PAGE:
You may have heard lungworm being discussed by other dog owners in the park or even seen posters in the vet waiting room. But what actually is lungworm, what are the symptoms of lungworm in dogs and what is the best treatment for lungworm?
1. Lungworm (Angiostrongylus vasorum) is a parasite that can cause serious health problems in dogs and can even be fatal if not diagnosed and treated early enough.
2. Slugs and snails carry the lungworm larvae which means dogs can become infected when they accidentally eat these common garden pests, or their infected slime.1
3. A recent survey of UK vets by Bayer, experts in parasitology, indicates that the vast majority (66%) have experienced a case of lungworm in their practice within the last year.2
4. Dogs of all ages and breeds can become infected with lungworm, but younger dogs are more likely to contract the parasite, due to their inquisitive nature and new owners not knowing enough about the risks of the parasite. The average age of affected animals is between just 10 and 14 months.3,4
5. If your dog likes to rummage through undergrowth, eat grass, drink from puddles or outdoor water bowls then speak to your vet about preventative treatment. Be careful about leaving your dog’s toys outside too as slugs and snails can be attracted to them.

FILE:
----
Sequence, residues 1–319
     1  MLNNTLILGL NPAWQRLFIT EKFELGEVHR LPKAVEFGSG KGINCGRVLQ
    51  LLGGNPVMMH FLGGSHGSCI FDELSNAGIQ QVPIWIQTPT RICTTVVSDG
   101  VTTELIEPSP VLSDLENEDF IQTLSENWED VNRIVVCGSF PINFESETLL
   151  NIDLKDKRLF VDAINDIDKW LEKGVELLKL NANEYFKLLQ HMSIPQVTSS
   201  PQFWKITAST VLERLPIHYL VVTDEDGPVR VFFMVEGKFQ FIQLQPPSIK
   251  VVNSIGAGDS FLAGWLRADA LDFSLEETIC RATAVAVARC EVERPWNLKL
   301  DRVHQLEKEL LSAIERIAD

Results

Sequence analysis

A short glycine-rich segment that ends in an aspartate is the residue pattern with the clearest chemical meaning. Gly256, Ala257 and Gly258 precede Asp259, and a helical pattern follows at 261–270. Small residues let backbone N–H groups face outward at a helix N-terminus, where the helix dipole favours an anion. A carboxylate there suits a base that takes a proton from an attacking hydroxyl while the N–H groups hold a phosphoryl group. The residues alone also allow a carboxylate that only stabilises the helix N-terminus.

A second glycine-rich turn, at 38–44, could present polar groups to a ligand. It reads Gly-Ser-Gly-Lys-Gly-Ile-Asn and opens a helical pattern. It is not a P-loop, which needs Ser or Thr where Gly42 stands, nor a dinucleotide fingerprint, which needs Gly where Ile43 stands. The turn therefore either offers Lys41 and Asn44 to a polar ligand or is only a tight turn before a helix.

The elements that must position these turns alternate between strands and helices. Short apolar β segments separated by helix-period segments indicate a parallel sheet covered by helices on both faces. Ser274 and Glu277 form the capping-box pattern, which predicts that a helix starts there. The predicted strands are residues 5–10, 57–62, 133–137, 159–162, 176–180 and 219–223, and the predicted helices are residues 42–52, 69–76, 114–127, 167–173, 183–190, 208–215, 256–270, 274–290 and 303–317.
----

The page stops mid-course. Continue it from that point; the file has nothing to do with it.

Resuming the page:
6. Spring and autumn are peak times for slugs and snails due to the wet and mild conditions. It is important to be extra vigilant around these times.
7. Lungworm infection can result in a number of different signs in your dog which may be confused with other illnesses. However, some dogs will not show any signs.
8. Not all worming treatments cover lungworm. Only monthly prevention with products available on prescription from your vet will protect dogs against the parasite; use only every three months leaves dogs at risk of disease and even death.
9. Lungworm is now endemic throughout much of the UK, according to a study by researchers at the Royal Veterinary College, one in five veterinary practices in the UK have reported at least one clinical case in a dog.
1. Conboy et al. WAAVP 2015
2. Survey of 300 UK Vets, conducted by Bryter in March 2017.
3. Angiostrongylus vasorum infection in 23 dogs (1999-2002), P. S. Chapman et al., Journal of Small Animal Practice (2004) 45, 435–440
4. Spatial, demographic and clinical patterns of Angiostrongylus vasorum infection in the dog population of Southern England, T. R. W. Blehaut et al., Veterinary Record (2014) doi: 10.1136/vr.102186